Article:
Thoughts on 2020

The conservatory at my parents house, with a squash support made of branches by my dad, taken the one time I could visit this year.

It is 2020, the year we stayed at home. I worked throughout the initial strict lockdown, in the little local surgery which was soon to be closed down. The streets were quiet, I passed very few cars or people on my way. I often worked alone, with the other staff downstairs and it was strangely silent most of the time. There were reminders that life was difficult for many: the queue outside the church food bank, the telephone appointments with patients suffering from acute anxiety, loneliness and isolation. But we were also aware that we were fortunate to have work and to be relatively healthy, and were able to enjoy the time we had together.

Like everyone, else we miss our families. We have all missed so much this year. Birthdays, funerals, weddings, but also the everyday interaction and sharing of family life. I avoid thinking about all we have lost out on, the way I would avoid touching a bruise. All those months.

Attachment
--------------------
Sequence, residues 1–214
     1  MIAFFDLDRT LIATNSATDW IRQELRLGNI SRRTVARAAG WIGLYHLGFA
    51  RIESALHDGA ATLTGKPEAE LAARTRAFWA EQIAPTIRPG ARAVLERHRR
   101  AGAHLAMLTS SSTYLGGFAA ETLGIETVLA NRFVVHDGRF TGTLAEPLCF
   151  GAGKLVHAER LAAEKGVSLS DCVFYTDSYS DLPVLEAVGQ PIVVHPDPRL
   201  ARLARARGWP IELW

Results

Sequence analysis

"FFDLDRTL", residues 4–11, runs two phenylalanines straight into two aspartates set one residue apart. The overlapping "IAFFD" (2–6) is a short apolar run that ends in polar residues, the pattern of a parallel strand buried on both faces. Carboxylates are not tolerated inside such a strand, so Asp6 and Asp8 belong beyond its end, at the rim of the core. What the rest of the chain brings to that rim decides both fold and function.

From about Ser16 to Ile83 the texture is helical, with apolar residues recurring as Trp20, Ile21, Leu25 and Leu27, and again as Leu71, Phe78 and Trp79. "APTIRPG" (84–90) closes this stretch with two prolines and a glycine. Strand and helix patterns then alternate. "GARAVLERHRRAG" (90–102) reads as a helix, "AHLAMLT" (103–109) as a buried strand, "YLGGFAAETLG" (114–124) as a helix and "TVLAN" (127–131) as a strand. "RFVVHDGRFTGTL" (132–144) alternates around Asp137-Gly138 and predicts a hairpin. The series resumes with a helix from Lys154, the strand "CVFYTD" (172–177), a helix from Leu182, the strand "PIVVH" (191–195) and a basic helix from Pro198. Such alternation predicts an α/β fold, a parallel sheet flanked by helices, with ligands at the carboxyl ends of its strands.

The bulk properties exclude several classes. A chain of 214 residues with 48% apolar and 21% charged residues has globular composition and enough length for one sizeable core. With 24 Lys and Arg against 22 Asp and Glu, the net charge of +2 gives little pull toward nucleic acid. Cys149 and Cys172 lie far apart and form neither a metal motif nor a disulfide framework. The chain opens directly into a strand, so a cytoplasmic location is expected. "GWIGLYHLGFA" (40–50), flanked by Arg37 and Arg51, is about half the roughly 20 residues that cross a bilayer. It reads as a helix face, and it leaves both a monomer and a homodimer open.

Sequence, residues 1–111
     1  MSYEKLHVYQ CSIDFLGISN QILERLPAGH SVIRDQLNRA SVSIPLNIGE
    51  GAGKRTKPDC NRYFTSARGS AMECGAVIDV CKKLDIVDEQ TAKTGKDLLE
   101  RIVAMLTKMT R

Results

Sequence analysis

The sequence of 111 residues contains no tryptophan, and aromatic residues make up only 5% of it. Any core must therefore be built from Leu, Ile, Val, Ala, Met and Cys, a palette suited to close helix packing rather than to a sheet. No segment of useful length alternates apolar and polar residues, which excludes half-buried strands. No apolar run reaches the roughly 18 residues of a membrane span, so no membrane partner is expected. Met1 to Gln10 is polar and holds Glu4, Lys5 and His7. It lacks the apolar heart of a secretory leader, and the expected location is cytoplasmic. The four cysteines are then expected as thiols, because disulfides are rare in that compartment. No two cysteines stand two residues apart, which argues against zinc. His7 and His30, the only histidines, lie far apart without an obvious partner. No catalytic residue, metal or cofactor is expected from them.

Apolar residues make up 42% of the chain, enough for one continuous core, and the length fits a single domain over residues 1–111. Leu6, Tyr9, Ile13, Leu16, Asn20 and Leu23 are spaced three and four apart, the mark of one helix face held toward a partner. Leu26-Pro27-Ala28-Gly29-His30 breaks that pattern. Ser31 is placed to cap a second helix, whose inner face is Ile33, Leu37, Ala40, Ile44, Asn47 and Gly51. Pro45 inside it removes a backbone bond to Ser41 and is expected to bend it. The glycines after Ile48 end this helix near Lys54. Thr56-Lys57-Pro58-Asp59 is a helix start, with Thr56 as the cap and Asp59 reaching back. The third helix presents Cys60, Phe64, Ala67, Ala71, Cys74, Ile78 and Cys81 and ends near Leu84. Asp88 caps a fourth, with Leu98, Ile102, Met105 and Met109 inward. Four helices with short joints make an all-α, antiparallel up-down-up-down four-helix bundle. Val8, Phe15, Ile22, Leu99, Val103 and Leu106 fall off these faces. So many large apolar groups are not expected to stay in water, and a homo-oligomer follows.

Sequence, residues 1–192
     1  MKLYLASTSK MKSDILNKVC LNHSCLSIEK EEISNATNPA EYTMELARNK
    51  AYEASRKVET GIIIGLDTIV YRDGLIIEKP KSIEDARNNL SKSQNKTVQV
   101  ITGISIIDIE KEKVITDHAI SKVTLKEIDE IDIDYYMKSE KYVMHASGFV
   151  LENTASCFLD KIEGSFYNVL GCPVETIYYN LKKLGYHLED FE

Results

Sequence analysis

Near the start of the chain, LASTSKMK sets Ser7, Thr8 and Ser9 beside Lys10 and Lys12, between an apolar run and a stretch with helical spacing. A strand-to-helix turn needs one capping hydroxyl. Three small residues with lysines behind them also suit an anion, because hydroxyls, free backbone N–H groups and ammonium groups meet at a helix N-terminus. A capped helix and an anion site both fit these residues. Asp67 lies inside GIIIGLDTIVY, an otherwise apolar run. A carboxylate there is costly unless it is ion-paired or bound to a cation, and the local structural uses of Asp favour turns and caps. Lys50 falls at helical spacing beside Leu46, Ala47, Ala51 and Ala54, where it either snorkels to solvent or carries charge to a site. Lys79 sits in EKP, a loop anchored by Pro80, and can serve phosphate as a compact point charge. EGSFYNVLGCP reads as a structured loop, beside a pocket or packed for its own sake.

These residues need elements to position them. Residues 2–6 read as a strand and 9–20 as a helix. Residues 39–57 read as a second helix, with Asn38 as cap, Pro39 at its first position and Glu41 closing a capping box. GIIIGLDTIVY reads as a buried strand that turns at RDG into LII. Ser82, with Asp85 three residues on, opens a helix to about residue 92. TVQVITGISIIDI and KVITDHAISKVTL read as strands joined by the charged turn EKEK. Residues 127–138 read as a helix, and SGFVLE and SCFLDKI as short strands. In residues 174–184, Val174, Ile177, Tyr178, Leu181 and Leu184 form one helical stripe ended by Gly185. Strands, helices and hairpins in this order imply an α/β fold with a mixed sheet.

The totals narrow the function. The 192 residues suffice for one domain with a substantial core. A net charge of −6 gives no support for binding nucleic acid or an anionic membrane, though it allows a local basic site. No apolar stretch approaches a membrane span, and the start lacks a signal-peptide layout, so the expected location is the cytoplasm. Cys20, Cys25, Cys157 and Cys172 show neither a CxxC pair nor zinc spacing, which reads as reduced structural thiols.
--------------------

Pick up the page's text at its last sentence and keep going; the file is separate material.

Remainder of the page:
I was driving recently, and realised I hadn’t seen another woman in hijab for days. I hadn’t been to the mosque in months . As a visibly Muslim woman, I felt my difference more than usual, without the comfortable interaction of others like me. What concerned me even more is that I noticed that my younger children were forgetting the mosque: it had no special significance to them now, after all this time. Our local mosque has rightly taken every precaution to prevent the spread of infection, yet the loss to the community is devastating.

Since childhood, our identities were cemented by going to the mosque. My mother and her friends attended a weekly learning circle in Bengali, while we read or played, and later on we would go every Sunday to a group for teenagers (some of whom are still my best friends today). Almost every evening in Ramadan, we would attend prayers at the mosque and often there would be delicious food sold afterwards. Charity events, dinners, children’s activities and classes were all part of our usual routine, it supported and lifted our small community.

The disproportionate impact of the pandemic on ethnic minorities has been reported on widely, with higher death rates in Black and Asian ethnic groups. This report highlights some of the reasons for this, not least the fear of discrimination and racism in the workplace if they do not comply with often unsafe practices or lack of PPE. However the effects are also being felt in other ways, with a sense that certain communities are being held responsible for rising infection cases in some areas. This is made all the more difficult to navigate while we are kept separate from everything and everyone that holds us together.

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